# Finite fields

This is a Haskell library implementing arithmetics in finite fields.

## Status

So far we have implemented:

• generic prime fields - module `Math.FiniteField.PrimeField.Generic`
• small prime fields, where small means `p < 2^31` - module `Math.FiniteField.PrimeField.Small`
• small Galois fields, using a precomputed table of Conway polynomials - module `Math.FiniteField.GaloisField.Small`
• small Galois fields, using tables of Zech's logarithm
• C implementation of the Zech's logarithm stuff
• subfields (only for the Zech representation)

## Further plans

• generic field extensions
• big finite fields relevant for cryptography
• maybe even JIT compiling specific fields would make sense?
• optional: elliptic curves over finite fields? (again we could have "small" curves for algebraic geometry and "very big" curves for cryptography...)

## How to use

The API is still in flux while I try to figure out the balance between ergonomy and type-safety.

For now, each field has a "witness" which has two purposes: 1) it's a proof that the field actually exists (eg. `p` is a prime); and 2) carrying the necessary data to for computations (eg. Conway polynomials). So there are two Haskell types for each implementation: the witness represents the field itself, and the other type represents the elements of the field.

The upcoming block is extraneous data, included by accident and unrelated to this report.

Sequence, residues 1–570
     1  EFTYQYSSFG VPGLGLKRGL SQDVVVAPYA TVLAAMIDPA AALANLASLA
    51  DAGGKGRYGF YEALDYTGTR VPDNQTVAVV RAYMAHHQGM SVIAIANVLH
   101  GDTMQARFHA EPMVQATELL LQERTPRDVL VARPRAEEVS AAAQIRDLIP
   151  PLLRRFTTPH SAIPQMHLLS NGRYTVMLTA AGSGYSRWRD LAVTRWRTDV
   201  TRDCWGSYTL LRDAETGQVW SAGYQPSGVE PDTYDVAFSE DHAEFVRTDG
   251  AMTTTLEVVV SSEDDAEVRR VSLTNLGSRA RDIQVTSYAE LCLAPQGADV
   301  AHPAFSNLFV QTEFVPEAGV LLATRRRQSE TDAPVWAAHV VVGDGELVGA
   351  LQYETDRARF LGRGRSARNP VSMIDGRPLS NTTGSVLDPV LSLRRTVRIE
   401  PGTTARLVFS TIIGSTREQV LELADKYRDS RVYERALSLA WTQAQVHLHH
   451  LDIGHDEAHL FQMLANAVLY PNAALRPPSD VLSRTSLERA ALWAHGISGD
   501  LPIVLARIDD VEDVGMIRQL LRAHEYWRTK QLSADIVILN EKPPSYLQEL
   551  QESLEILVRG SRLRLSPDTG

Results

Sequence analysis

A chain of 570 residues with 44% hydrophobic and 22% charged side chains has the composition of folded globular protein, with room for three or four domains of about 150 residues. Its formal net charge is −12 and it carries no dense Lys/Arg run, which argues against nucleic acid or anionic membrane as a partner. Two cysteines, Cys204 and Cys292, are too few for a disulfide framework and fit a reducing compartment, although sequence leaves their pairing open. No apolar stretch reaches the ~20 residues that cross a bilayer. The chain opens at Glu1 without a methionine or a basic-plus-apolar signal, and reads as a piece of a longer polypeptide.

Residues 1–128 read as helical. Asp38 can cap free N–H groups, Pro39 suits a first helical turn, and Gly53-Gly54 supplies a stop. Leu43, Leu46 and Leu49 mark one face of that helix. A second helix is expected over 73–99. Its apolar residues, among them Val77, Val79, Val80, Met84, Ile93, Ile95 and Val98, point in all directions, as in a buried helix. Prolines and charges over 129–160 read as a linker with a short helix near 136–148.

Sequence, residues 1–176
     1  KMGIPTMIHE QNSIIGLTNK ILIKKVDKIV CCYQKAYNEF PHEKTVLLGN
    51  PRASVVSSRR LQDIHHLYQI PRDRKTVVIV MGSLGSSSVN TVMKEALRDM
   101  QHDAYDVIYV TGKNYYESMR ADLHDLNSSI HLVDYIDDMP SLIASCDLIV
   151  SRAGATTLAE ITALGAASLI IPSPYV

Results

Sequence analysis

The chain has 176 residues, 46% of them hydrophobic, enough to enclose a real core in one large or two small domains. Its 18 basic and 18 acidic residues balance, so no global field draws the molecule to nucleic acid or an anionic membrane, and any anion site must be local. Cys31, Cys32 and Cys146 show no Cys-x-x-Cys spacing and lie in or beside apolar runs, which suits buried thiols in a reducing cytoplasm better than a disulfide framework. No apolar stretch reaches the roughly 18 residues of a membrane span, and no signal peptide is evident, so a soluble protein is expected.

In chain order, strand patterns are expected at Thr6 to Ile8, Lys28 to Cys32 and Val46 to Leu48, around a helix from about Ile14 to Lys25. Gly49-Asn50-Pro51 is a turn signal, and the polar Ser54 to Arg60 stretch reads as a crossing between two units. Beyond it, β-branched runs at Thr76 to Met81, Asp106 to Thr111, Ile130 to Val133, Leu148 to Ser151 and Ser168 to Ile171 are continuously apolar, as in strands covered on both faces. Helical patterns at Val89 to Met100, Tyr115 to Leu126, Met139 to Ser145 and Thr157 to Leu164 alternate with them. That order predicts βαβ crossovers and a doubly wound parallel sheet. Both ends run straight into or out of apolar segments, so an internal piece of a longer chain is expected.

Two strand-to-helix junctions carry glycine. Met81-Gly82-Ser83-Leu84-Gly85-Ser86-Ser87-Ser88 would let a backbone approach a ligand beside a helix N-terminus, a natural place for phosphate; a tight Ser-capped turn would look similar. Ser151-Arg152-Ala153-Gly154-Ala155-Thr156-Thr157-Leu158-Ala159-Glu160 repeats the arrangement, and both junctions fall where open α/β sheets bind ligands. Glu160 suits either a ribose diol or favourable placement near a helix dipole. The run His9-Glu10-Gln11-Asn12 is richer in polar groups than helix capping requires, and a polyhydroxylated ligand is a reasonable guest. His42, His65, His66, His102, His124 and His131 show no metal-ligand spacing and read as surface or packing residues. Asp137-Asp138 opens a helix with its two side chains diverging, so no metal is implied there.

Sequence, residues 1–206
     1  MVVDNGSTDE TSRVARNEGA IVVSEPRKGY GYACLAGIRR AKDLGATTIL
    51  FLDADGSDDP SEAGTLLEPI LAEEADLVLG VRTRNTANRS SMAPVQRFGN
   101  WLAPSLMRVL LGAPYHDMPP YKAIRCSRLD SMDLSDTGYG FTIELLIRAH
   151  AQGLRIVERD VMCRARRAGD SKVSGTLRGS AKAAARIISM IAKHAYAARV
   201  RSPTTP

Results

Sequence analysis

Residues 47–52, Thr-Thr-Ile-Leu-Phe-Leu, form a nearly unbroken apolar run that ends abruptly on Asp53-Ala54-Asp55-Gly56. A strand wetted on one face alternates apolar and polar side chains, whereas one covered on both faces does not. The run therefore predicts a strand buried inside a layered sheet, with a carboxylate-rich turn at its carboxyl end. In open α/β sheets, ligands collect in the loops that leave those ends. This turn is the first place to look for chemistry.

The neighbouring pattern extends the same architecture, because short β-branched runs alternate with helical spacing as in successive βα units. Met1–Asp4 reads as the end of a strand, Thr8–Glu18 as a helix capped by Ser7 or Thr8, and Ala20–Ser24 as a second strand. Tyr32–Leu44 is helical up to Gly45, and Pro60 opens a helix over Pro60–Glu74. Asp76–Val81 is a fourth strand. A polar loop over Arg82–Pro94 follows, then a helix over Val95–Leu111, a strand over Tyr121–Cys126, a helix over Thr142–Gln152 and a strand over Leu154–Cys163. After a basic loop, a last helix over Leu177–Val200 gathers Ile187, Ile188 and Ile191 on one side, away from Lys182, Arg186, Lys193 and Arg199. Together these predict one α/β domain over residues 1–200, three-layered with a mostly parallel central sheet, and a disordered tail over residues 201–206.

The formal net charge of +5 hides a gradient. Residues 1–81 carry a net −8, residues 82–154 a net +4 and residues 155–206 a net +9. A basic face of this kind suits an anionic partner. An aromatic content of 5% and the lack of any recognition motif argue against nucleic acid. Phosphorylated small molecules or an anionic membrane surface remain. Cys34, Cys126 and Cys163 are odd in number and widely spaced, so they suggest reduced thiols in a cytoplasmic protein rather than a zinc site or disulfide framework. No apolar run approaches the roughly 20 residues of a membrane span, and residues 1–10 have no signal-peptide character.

Both the witness types and the field element types are parametrized by the field parameters (eg. `p` and `m` for a field of order `q = p^m`). You can "create" fields wrapped into existential types, and then you can do `case _ of` on that existential type and do the calculations inside. Unfortunately this also means that the API is not really `ghci`-friendly...

There is a common type class for all fields (defined in module `Math.FiniteField.Class`), so you can write polymorphic code and run it "in" any field implementation.

There are some example applications in the `examples` subdirectory.